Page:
• aim to move towards the 2% guideline within a decade with a view to meeting their NATO Capability Targets and filling NATO's capability shortfalls.
  • Allies who currently spend less than 20% of their annual defence spending on major new equipment, including related Research & Development, will aim, within a decade, to increase their annual investments to 20% or more of total defence expenditures.
  • All Allies will:
    • ensure that their land, air and maritime forces meet NATO agreed guidelines for deployability and sustainability and other agreed output metrics;
    • ensure that their armed forces can operate together effectively, including through the implementation of agreed NATO standards and doctrines.

73. We will therefore continue to engage actively on cyber issues with relevant partner nations on a case-by-case basis and with other international organisations, including the EU, as agreed, and will intensify our cooperation with industry through a NATO Industry Cyber Partnership.

74. NATO recognises the importance of inclusive, sustainable, innovative, and globally competitive defence industries, which include small and medium-sized enterprises, to develop and sustain national defence capabilities and the defence technological and industrial base in the whole of Europe and in North America.

Wales Declaration on the Transatlantic Bond

7. We are mindful that our security and our prosperity are interlinked. Our economies and prosperity require security. And our common security requires investment, based on strong economies. As we emerge from the recession, we do so with renewed dedication to promoting free trade, competitiveness, and growth across the transatlantic community, including greater defence industrial cooperation in Europe and across the Atlantic. 

Summit Declaration on Defence Capabilities: Toward NATO Forces 2020

6. Maintaining a strong defence industry in Europe and making the fullest possible use of the potential of defence industrial cooperation across the Alliance remain an essential condition for delivering the capabilities needed for 2020 and beyond.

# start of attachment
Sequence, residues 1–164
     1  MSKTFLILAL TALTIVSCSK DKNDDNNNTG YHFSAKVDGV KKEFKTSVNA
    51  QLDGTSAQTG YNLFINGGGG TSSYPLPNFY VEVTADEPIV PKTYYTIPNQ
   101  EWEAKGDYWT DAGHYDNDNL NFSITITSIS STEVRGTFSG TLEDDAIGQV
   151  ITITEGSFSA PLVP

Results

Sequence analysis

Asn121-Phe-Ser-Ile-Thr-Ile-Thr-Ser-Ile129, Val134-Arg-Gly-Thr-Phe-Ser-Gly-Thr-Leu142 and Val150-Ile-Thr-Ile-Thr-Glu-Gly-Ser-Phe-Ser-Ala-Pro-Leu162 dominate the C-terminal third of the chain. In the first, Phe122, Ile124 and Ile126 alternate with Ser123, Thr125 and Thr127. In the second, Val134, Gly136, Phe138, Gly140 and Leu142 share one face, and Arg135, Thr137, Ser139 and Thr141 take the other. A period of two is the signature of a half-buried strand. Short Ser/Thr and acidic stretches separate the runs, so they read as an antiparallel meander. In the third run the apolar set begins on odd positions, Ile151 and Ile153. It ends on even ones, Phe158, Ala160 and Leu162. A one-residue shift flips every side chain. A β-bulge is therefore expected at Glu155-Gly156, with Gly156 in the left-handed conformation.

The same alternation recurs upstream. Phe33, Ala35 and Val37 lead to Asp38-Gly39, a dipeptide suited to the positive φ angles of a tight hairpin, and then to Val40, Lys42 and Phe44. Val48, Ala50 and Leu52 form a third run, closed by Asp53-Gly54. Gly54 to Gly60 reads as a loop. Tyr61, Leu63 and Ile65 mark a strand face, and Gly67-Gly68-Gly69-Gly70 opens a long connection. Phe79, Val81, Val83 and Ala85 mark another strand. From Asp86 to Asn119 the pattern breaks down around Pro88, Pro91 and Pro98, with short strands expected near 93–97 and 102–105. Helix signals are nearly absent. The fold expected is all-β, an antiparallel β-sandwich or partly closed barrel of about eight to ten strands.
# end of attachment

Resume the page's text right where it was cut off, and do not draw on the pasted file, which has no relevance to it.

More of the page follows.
NATO-Industry Forum 2023​, Stockholm, Sweden

The NATO-Industry Forum 2023 took place on 24-25 October, graciously hosted by Sweden. It was the first time an invitee nation hosted the Forum.

NIF23 final report (to be uploaded)

NATO Secretary General Keynote address
Industry Executives oppinions​

NIF23 conclusion​

NATO-Industry Forum 2021, Rome, Italy
Following the generalisation of virtual meetings in 2020, ACT and IS/DI coorganised a virtual preamble to the NIF, called NIF-Linked, on 20 May, focussing on three main topics: NWCC, Mission-driven capability developments, and Agile Acquisition. 
Industry and Academia have been invited to contribute to the last two topics by submitting papers by 15 FEB 2021.
A second virtual NIF-linked took place on 09 September. (NIF)

The in-person NATO-Industry Forum 2021 took place on 17-18 November, in Rome, graciously hosted by Italy.​


NIF21 Final Report: LowRes (3MB)       HighRes (53MB)

​Videos from NIF21:​
- Keynote address by Hon. David Norquist, US Deputy Secretary of Defense
- State of the NIF - Address by the Supreme Allied Commander Transformation, Gen Andre Lanata
 .NATO-Industry Forum 2015    Lisbon, Portugal

.       NATO-Industry Forum 2014  Split, Croatia

- pre-event
- NATO Deputy Secretary General Speech



 Framework for NATO-Industry Engagement




 Trans-Atlantic Defence technological and Industrial Cooperation (TADIC)